A foreign maggot species that feeds on the living flesh of animals and humans has recently been found in South Florida. The invasive species, called New World screwworms, are fly larvae (maggots) that can infest livestock and other warm-blooded animals, including people.
Screwworms most often enter an animal through an open wound or, in the case of newborns, the navel. They feed on the animal’s living flesh and, if not treated, infestations can be fatal. The New World screwworm (Cochliomyia hominivorax) has not been widely present in the United States since the 1960s, but is still found in most of South America and in five Caribbean countries.
According to Dan Clark, Manager of the Florida Keys Wildlife Refuges Complex, more than 50 endangered Key deer were in such deteriorated conditions after being eaten alive by the maggots that euthanasia was necessary, with at least eight having been euthanized between last Sunday and Monday.
In response to the recent screwworm infestation, the U.S. Department of Agriculture and the Florida Department of Agriculture and Consumer Services, as well as partnering agencies, are implementing an aggressive eradication effort in order not only to protect the Key deer, but also to protect human health, Florida's livestock industry, and other animals including pets should the pest spread.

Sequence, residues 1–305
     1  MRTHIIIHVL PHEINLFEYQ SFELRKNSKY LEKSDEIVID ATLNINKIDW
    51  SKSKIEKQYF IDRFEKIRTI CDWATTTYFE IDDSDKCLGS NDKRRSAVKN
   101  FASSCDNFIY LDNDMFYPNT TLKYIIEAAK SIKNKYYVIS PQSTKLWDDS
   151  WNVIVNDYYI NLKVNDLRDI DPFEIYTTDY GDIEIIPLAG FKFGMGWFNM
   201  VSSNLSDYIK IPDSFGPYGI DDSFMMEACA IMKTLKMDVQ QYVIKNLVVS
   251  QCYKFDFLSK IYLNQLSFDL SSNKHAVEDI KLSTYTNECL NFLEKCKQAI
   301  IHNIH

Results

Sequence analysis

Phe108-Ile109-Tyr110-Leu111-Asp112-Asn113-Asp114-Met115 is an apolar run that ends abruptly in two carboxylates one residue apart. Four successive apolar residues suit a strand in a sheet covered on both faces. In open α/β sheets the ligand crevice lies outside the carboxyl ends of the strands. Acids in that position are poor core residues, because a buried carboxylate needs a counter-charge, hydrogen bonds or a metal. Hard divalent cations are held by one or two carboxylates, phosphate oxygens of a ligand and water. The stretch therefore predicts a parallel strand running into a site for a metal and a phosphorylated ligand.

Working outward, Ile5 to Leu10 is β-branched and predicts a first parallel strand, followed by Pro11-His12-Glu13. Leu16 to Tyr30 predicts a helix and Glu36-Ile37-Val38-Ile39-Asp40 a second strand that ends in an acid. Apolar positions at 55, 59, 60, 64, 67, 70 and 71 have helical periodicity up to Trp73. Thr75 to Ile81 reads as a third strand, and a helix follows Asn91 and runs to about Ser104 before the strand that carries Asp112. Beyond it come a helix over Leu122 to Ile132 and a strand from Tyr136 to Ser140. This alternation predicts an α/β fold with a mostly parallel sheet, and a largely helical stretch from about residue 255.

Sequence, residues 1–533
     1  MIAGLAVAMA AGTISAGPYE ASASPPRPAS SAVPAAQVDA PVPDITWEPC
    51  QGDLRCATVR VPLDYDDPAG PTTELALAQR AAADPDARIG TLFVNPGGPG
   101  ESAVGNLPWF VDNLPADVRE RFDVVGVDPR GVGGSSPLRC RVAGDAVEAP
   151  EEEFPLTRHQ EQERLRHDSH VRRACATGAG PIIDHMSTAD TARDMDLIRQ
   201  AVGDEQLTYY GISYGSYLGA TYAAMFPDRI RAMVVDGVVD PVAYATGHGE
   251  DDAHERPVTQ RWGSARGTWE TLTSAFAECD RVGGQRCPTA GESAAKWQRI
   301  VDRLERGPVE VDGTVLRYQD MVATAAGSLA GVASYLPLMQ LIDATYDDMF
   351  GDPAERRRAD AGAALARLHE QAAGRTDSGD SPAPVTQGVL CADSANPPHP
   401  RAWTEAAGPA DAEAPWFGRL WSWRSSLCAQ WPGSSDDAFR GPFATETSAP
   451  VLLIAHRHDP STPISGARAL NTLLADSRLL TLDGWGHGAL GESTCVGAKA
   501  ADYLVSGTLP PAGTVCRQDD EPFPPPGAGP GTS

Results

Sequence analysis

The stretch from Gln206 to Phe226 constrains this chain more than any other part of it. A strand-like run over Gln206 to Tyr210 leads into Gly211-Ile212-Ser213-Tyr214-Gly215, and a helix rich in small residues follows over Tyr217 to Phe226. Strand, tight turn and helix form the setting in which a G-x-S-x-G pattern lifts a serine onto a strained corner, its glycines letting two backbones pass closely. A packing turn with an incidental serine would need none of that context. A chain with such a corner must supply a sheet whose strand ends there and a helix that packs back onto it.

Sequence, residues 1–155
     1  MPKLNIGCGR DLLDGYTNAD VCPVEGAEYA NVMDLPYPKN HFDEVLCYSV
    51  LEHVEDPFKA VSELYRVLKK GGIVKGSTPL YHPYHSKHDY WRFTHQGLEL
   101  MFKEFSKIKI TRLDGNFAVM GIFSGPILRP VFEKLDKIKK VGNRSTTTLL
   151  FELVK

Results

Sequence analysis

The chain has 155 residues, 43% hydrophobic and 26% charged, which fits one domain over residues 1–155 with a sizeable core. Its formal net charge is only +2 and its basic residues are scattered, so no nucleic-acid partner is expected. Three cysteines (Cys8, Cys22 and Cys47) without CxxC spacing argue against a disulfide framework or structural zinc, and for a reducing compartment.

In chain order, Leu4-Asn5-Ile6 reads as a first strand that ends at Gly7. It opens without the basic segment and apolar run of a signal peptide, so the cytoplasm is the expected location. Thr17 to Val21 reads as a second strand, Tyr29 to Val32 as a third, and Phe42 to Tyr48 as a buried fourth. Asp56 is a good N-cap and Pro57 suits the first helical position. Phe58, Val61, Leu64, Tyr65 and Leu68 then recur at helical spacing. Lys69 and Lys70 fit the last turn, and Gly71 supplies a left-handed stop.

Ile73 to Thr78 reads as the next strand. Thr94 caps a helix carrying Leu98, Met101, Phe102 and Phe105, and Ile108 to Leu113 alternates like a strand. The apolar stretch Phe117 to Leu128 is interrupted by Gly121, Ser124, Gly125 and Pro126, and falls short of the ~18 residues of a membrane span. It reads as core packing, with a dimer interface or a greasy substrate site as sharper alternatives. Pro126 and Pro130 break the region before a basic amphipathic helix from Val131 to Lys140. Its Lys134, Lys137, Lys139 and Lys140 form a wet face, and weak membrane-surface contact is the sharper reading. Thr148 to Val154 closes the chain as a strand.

Although the occurrence of screwworms in humans is less common than in livestock or other mammals, people are urged to keep wounds clean and closely monitor open cuts and wounds for the presence of maggots. Anyone who suspects the presence of screwworms should contact a physician immediately.
The adult screwworm fly is the size of a common housefly, or slightly larger, but different in color and appearance. The screwworm fly has orange eyes and a metallic dark blue to blue-green or gray body. It also has three dark stripes running down its back, with the middle stripe shorter than the outer two.
A female screwworm fly typically mates once in her lifetime and lays her eggs on or near an open wound or the mucous membranes of an animal’s nose, mouth or ears. In her lifespan, the screwworm fly can produce thousands of offspring. The eggs hatch into larvae within a day and then feed on the animal’s tissue for five to seven days before maturing. The mature larvae then tunnel into the ground and emerge as adults, ready to mate and continue the cycle.
While they can fly much farther under ideal conditions, adult flies generally do not travel more than a couple of miles if there are suitable host animals in the area. New World screwworm is more likely to spread long distances when infested animals move to new areas.
Photo credit: John Kucharski/Wikimedia Commons